It is not unusual for people to be labelled “non-compliant” because they are observed grazing “on naughty foods” in the afternoons – and yet these are otherwise-responsible adults who know what they “should and should not be eating” and are otherwise concerned about their health. So why do these people graze in the afternoons? And do they require 24 hour drug coverage of their glycaemia if they are typically sleeping 8 of those hours? Are they being “naughty” by grazing or is their body actually trying to counteract the combined hypoglycaemic effect of several prescribed drugs ie is the response actually iatrogenically-induced?
What actions will you initiate when reviewing those prescribed prednisolone and/or diabetes management drugs? Will you -
- look a bit more closely at the impacts of these drugs on glycaemia when a staff member informs you that an individual is "non-compliant"?
- question whether they frequently require snacks in the late evenings and/or overnight and if not whether they still require to be medicated at those times?
- ask why the afternoon glycaemia is consistently high and is it because they are overmedicated?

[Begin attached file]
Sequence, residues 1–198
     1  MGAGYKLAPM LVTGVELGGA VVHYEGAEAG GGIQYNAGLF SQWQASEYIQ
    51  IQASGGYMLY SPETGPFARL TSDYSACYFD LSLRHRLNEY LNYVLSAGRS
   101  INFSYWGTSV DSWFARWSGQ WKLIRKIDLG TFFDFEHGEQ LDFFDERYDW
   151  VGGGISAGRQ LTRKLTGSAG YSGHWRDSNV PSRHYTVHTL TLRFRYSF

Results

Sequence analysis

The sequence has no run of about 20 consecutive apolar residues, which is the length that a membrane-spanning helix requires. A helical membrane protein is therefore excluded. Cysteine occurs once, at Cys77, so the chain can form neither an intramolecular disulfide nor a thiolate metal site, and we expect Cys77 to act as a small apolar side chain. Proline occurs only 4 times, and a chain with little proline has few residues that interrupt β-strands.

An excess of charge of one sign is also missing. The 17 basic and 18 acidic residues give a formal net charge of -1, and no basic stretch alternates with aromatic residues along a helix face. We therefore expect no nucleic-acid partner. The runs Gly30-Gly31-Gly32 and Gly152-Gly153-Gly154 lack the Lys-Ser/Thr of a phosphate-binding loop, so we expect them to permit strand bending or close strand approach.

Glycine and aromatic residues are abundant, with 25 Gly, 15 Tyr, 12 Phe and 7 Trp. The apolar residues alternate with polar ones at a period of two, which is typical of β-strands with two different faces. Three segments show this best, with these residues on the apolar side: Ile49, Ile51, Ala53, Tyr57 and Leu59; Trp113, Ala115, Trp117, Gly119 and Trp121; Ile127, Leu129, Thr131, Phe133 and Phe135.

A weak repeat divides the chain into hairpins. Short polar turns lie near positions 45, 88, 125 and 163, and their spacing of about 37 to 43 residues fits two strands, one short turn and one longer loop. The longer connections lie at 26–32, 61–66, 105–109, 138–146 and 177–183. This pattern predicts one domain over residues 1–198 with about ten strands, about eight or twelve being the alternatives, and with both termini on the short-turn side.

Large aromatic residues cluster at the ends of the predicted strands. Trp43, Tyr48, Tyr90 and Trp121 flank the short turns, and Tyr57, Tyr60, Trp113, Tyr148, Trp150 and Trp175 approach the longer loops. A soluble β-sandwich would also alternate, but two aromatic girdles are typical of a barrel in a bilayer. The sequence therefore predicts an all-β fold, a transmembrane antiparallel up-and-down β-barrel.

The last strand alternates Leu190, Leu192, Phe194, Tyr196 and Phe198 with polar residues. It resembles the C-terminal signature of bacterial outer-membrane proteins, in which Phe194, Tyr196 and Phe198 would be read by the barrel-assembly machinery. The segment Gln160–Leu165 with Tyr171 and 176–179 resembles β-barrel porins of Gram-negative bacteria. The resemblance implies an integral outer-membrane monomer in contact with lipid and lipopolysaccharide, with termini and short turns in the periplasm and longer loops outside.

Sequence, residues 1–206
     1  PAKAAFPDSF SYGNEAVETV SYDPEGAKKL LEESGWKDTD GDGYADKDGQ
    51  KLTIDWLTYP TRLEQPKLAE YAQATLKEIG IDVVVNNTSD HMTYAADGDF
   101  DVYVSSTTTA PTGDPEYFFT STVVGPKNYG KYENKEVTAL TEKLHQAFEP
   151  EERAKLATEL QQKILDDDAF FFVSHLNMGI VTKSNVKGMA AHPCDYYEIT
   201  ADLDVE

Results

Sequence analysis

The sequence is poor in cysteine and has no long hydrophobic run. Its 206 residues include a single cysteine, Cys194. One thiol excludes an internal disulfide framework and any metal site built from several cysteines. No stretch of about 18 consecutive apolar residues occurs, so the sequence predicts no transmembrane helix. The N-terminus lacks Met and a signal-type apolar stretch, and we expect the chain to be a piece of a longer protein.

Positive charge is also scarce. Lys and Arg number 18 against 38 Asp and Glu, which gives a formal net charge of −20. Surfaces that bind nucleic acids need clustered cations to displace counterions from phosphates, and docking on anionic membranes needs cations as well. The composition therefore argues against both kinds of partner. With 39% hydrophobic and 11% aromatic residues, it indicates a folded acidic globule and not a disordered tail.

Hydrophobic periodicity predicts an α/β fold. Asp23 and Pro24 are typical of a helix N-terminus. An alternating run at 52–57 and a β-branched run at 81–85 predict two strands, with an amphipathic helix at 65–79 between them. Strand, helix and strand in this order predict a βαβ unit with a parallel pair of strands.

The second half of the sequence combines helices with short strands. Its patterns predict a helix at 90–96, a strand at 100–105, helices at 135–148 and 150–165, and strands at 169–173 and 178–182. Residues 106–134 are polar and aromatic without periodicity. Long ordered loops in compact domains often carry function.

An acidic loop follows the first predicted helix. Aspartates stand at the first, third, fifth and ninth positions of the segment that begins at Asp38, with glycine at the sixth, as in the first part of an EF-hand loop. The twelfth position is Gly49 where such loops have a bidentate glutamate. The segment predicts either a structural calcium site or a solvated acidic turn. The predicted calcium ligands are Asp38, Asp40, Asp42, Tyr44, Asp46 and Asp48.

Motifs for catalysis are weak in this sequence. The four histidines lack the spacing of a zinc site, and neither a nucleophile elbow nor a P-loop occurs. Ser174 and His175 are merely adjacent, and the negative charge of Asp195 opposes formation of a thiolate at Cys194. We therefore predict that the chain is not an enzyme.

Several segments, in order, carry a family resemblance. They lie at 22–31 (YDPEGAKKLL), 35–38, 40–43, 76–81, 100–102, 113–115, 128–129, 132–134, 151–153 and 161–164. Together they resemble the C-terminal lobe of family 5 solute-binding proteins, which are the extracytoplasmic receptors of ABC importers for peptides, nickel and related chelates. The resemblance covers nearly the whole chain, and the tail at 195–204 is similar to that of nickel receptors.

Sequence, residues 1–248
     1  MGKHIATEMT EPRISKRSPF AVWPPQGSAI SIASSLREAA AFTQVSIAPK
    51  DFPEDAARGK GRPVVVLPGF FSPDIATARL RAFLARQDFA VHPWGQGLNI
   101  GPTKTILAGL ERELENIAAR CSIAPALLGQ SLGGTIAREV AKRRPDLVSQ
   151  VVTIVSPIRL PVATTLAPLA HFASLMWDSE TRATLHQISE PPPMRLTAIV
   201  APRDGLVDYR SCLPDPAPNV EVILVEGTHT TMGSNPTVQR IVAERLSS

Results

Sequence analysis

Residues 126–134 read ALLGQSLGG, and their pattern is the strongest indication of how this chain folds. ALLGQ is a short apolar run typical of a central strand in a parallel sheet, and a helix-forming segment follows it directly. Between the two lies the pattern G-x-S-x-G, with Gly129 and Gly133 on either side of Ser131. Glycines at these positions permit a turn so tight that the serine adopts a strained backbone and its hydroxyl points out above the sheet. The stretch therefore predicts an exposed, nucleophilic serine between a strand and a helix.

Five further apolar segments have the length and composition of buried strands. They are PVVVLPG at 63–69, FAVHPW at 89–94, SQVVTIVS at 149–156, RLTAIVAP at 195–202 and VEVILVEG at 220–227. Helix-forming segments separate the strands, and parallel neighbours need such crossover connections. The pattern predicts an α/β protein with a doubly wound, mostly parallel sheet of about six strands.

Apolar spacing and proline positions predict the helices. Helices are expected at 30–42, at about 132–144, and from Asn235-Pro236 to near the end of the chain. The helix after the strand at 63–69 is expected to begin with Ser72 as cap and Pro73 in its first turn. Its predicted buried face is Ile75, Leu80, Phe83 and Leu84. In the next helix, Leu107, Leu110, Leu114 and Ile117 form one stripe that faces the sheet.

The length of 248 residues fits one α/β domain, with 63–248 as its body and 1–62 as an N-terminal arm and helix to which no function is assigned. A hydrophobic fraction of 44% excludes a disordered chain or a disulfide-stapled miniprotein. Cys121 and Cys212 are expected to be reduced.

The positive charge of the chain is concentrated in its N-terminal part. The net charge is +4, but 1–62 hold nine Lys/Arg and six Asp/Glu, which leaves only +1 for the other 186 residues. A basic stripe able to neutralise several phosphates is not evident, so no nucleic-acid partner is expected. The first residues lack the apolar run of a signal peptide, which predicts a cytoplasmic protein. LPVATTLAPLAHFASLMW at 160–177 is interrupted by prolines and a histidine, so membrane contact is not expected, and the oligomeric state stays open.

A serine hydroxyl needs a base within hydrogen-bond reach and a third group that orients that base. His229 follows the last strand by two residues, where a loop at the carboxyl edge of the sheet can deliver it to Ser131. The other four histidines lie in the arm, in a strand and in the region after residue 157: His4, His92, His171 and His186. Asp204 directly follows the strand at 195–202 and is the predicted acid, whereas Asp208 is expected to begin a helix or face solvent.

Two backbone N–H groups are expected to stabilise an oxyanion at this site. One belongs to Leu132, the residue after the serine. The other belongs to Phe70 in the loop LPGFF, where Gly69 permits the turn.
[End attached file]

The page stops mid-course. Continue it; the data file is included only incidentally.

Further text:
- request regular monitoring of afternoon glycaemia for at least 3 consecutive days to clarify afternoon glycaemic status?
There are many inherited systems within healthcare provision and it doesn't take many questions for some of these systems to be checked and changed - I suggest timing of glycaemic monitoring when prednisolone is prescribed, and when long-duration diabetes drugs are prescribed are 2 such examples.
Medical History with Nutritional Aspect
Biochemistry with Nutritional Aspect
Medications That May Adversely Affect Nutritional Status
Comments – medication and nutrition impacts (direct and indirect) only
Coversyl impairs zinc status.
Regular measurement of serum sodium levels recommended whilst eleva prescribed.
Somac decreases B12, vitamin C, magnesium, zinc and iron absorption, may decrease calcium absorption, and decreases thiamine availability.
There is increasing evidence that proton pump inhibitors significantly impair magnesium absorption. Magnesium deficiency manifests as confusion, disorientation, personality changes, loss of appetite, depression, muscle cramps, tingling, numbness, hypertension, cardiac dysrhythmia, seizures. Magnesium is an intracellular ion therefore serum levels are unlikely to detect early depletion of status.
Mrs AAV is a very determined, small, slender, pale lady who was sitting in her room when we went to speak to her - initially she refused to answer my questions and persisted in trying to tell me about the terrible food. As Mrs AAV finally admitted the food has no taste, it seems likely to me this a key issue in the food unacceptability issue.
Mrs AAV has a questioned diagnosis of diabetes ie it is recorded on some medical records but not others. Given both eleva and metoprolol are associated with increasing risk of diabetes, advisable to both -